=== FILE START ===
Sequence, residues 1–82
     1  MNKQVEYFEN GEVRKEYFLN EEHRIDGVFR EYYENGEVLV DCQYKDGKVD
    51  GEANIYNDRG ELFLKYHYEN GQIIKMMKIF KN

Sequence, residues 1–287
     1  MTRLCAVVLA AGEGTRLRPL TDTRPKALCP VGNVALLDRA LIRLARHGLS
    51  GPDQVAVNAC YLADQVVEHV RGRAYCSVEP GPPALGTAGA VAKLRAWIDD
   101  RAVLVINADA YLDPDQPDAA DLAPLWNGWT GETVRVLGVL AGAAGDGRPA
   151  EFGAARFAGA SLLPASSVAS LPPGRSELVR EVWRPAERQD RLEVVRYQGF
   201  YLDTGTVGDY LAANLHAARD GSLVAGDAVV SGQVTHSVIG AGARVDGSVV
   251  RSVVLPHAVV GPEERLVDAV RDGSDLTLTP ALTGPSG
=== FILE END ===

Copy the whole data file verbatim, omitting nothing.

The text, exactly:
Sequence, residues 1–82
     1  MNKQVEYFEN GEVRKEYFLN EEHRIDGVFR EYYENGEVLV DCQYKDGKVD
    51  GEANIYNDRG ELFLKYHYEN GQIIKMMKIF KN

Sequence, residues 1–287
     1  MTRLCAVVLA AGEGTRLRPL TDTRPKALCP VGNVALLDRA LIRLARHGLS
    51  GPDQVAVNAC YLADQVVEHV RGRAYCSVEP GPPALGTAGA VAKLRAWIDD
   101  RAVLVINADA YLDPDQPDAA DLAPLWNGWT GETVRVLGVL AGAAGDGRPA
   151  EFGAARFAGA SLLPASSVAS LPPGRSELVR EVWRPAERQD RLEVVRYQGF
   201  YLDTGTVGDY LAANLHAARD GSLVAGDAVV SGQVTHSVIG AGARVDGSVV
   251  RSVVLPHAVV GPEERLVDAV RDGSDLTLTP ALTGPSG